Today, quite rightly, consistent attendance by pupils is seen as one of the key benchmarks of a school’s success. Thankfully, attendance at Mearns Academy remains very strong with some young people going through school for six years with a 100% attendance record.
The school is currently averaging an overall attendance figure of 95%. However, especially in the early years of secondary education in the Mearns, there was always likely to be disruption to pupils attending school. This was primarily due to four factors: bad weather, lack of transport, illness and involvement by pupils in the harvest.
Inspection reports about the school during most of the last century frequently lamented the poor levels of attendance. This, of course, affected pupils’ performance in exams and tests. In times when the school received grants according to the level of pupils’ competence, this was clearly a concern.
It would certainly appear to be the case that winters in the past were harsher.
Frequent references in the school log books are made to the effect of storms:
March 24, 1899: Great storm prevailing – school dismissed for the week and attendance cancelled;
January 22, 1945: Only one pupil present today as all roads are still snowbound;
January 30, 1946: There has been a recurrence of the storm. Attendance has suffered - very few pupils in this week.
February 15, 1963: Severe blizzards continue – only eight pupils attended this week.
Even in very recent times (for example the winters of 2010 and 2011) the school is still affected by bad weather but with better communication systems and transport the impact tends to be more short-lived.
With regard to transport, today buses are provided for pupils living outwith the Laurencekirk area. Previously, of course, many pupils either walked to school or came by bicycle. Indeed, if a pupil lived more than three miles from school the authorities would provide a bike free of charge for travel to school. Another historic figure on a bike was the janitor, otherwise known as ‘the whipper in.’ He would often be charged with riding to the homes of reluctant students to persuade them to follow him back to school!
However, the most single contributory factor that challenged attendance at school was, and still is, illness.
As late as 1953 the school record of infectious and contagious diseases encountered included scarlet fever, diphtheria, measles, whooping cough, mumps and chicken pox. Persistently as well, influenza visited the school. The school log books record, frequently, clear testimony to the impact this had:
November 18, 1912: school closed for two weeks owing to the prevalence of scarlet fever – this by order of the medical officers;
November 25, 1918: because of influenza, school will be closed until December 2.
June 15, 1920: the school will require careful disinfecting during the vacation after the measles epidemic this term.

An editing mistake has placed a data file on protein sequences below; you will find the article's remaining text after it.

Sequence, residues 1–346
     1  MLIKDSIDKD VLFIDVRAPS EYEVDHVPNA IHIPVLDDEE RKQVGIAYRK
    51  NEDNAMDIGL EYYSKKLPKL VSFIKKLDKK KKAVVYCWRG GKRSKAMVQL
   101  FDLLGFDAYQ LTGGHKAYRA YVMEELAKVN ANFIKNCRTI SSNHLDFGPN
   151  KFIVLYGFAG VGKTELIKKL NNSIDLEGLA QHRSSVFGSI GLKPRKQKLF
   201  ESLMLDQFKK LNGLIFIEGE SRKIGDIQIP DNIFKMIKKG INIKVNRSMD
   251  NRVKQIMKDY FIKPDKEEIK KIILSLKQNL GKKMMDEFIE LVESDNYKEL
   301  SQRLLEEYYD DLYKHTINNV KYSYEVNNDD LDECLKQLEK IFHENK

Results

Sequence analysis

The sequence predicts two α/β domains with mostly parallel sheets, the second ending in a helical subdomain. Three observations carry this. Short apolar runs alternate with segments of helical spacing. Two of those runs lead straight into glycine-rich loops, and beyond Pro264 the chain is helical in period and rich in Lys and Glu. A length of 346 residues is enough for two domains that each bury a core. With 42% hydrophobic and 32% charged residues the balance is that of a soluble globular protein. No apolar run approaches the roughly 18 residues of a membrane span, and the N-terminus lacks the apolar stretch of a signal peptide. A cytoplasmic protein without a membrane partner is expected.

Even after programmes of immunisation were introduced in the 1920s and 30s, epidemic diseases still took their toll. Tragically, in 1934 for example, three pupils died within a three-week period – two of them from the same class and all from influenza.
In 1940, it was chicken pox that was prevalent, in 1948 mumps was the main concern and in the 1950s polio was still a feared disease. Indeed, in 1954 the school was closed from September 28 until November 18 because of this. Furthermore, that year also saw the entire school close in December due to influenza.
It was, of course, the case that teachers as well as pupils suffered and school log books frequently refer to significant staff absences. Indeed, former rector Mr William Lang died from influenza while in service.
One other perennial irritant to headteachers trying to encourage attendance was the historic issue of pupils working on farms – especially at harvest time. As early as 1919 the rector commented: ‘The irregular attendance at this school is a serious matter – due to farm work quite a number of pupils have not attended school for two months.’’
Similarly, the log book entry for September 15, 1933, comments: ‘Farmers have commenced to lift the potato crop earlier than usual – attendance badly affected’.
The ‘tattie’ holidays remain a feature of the school calendar today. Last century, however, the dates of the holidays were not set in advance – they would be confirmed by local farmers according to the state of the crop. ‘Holidays begin today at 4pm’ would be an announcement of good news to pupils, but a more trying situation for the headteacher! Indeed, in 1897 it transpires that the whole school was dismissed without the headmaster’s knowledge. Similarly, the school log book entry for October 15, 1948, suggests the frustration of movable dates for holidays: ‘School should have returned today but holidays for potato lifting have been extended another week.’’
One development that increased attendance at school was the raising of the school-leaving age. In 1947 it was raised to 15 and in 1972 to 16. This was designed to ensure compulsory education was more complete – a sentiment not entirely shared by all pupils! For example, George Thomson 2C, aged 14 when writing to the editor of the school magazine, responded: ‘Like many boys of my age I am very much against having to attend school until I am 15. I feel it is a waste of time when I could be working myself and making my parents’ burden easier.’’
As ever, preparation for the world of work is today one of the school’s key duties and the adjustment of the curricular to meet this aspiration in a rapidly changing society remains a major challenge.